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Sibling Rivalry

Janice stood by the food vendor’s open door. “One deep-fried candy bar for the lovely lady.” The vendor leaned out with a smile on her face. With a deft hand, he swapped the food for the five dollar bill in Janice’s hand.

“That stuff is gonna be the death of you,” a man said approaching Janice. “Not to mention destroy all those workouts you do.”

Janice turned with a scowl on her face to face the voice. The grimace turned to a smile as she connected eyes with the man. “Harold! You made it.”

“I wouldn’t miss it for anything,” Harold said. “One of four times we get together without fighting.”

“Yeah,” Janice said around a mouth full of melted candy bar. “Plus it’s public, so plenty of witnesses.”

“You’re my sister,” Harold affected a stunned look. “I would never dream of hurting you.”

“Putting me in the ICU is another matter.” Janice rolled her eyes as she tilted her head, still munching on the candy bar.

“I’ve apologized for that.” Harold leaned in close. “And I made sure Shox paid for it.”

“It’s good to see my big brother still looks after me.” Janice pulled in the last of the candy bar and tossed the stick in a garbage can. “Does he still not like midway rides?” She glanced in the direction of a large sign pointing to the rides.

“You know they make me sick.” Harold moved for the sign, following Janice’s lead. “But you are welcome to ride them all you want.”

“Let me get this straight,” Janice said walking towards the midway. “You fly at high rates of speed. Perform complex maneuvers in fights. Free fall from great heights and pull off fantastic feats at the drop of a hat without practice. But a little hurky jerk on a rollercoaster and up comes lunch.”

“What can I say,” Harold said with a smile. “I’m just born this way.” He continued to walk with his sister.

“Speaking of being born this way,” Janice said, moving closer to her brother. “Have you heard about the bill that Senator Carlton is pushing?”

“Yup,” Harold answered. “My team is working on a rebuttal as we speak.”

“The last time you rebutted something like this, six people died.” Janice by ring toss booth.

Harold handed the attendant a five dollar bill and took three rings. He tossed the first ring and it landed on the neck of a bottle. “Correction. Six bigots died.”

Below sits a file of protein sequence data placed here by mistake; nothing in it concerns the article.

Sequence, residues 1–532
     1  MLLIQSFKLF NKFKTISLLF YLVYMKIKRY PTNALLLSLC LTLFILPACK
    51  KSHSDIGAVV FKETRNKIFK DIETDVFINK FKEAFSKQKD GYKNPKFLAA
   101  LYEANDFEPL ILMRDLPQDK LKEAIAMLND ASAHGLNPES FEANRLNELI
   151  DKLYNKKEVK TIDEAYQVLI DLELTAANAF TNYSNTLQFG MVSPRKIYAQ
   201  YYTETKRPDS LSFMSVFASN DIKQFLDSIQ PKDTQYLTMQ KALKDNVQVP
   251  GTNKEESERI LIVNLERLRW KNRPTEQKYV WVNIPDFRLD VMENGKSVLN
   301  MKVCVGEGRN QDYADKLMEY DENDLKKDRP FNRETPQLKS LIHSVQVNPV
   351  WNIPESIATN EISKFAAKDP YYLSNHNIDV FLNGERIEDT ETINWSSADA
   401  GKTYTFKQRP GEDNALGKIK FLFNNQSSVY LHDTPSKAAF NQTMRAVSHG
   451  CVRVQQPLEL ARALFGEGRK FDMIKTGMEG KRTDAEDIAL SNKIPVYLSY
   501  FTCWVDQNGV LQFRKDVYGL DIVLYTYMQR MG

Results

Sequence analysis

“They were still people.” Janice looked around. No one was really paying their conversation any attention.

“They even whined when you and your team saved the rest.” Harold tossed the next two rings in rapid succession. Both sunk onto a bottleneck. The barker handed him a large stuffed dog. Janice gave a mock golf clap.

“You didn’t have to fill their lungs with gas.” Janice reached for the dog. “They didn’t even have filters or masks.” She continued on her previous path.

“It was self defense.” Harold walked next to Janice. “They shot and killed Lariat. Even the news had that one on video.”

“OK,” Janice said. “I’ll give you that. But being violent doesn’t help.”

“Passive is too slow and the results are flakey at best.” Harold pointed to another game of chance. This one the milk bottles.

Janice put down a ten and demanded six balls. The attendant handed over seven. “Good luck lady.”

“You’ve barely managed to stop legislature and deter riots over civil liberties off Meta-Humans.” Harold, holding the large dog, watched Janice’s technique.

“Well,” Janice said, flinging a side armed pitch that knocked over all three metal milk bottles. “At least no one get hurt.”

“Are you kidding?” Harold laughed. “You’ve put people in the hospital. Even dished out a few permanent limps.”

The attendant stepped back from setting up the bottles. Janice flung her next ball. “OK, so people get hurt. On both sides.” All three bottles crashed again. “It seems that both of us are gaining ground, but just very slowly.” The attendant moved to set the bottles up again.

“True.” Harold nodded. “But I don’t have to keep reminding people. I say something once, and they get it.”

In a quick fire motion, Janice sent the next three balls at three other pyramids of milk bottles. The attendant looked at the mess of bottles, then back to Janice. She waved the last ball. Letting out a heavy sigh, the attendant set one set of bottles. No sooner had he stepped back, then Janice let the last ball fly, once again knocking them over. The attendant looked at Janice and she pointed to an extra large stuffed panda bear. The attendant handed the bear to Janice, who handed it to Harold.

“How’s the intimidation thing working for you?” Janice held the prize Harold had won for her. “You are a wanted felon and murderer.”

“I’m not a wanted felon, Smoke is.” Shifting the large panda under an arm, Harold added, “And I never killed anyone without provocation. All of them are pure selfdefense, provable in any court of law.”

“Harold,” Janice said, walking down the midway. “We both want the same thing, I get it.” She moved to allow a young couple to walk by. “It is our approach that separates us.”

“Which makes you the hero and me the villain.” Harold stepped next to his sister. “I love these outings. Peaceful and they remind me what an endearing sap you are.” He smiled and kissed her cheek.

“You’re not a villain,” Janice said. “You’re my brother.” She smiled as Harold walked through the exit and into the dark of the field beyond.

Published inshort storySuper ShortsSuperheroSupervillainUncategorized

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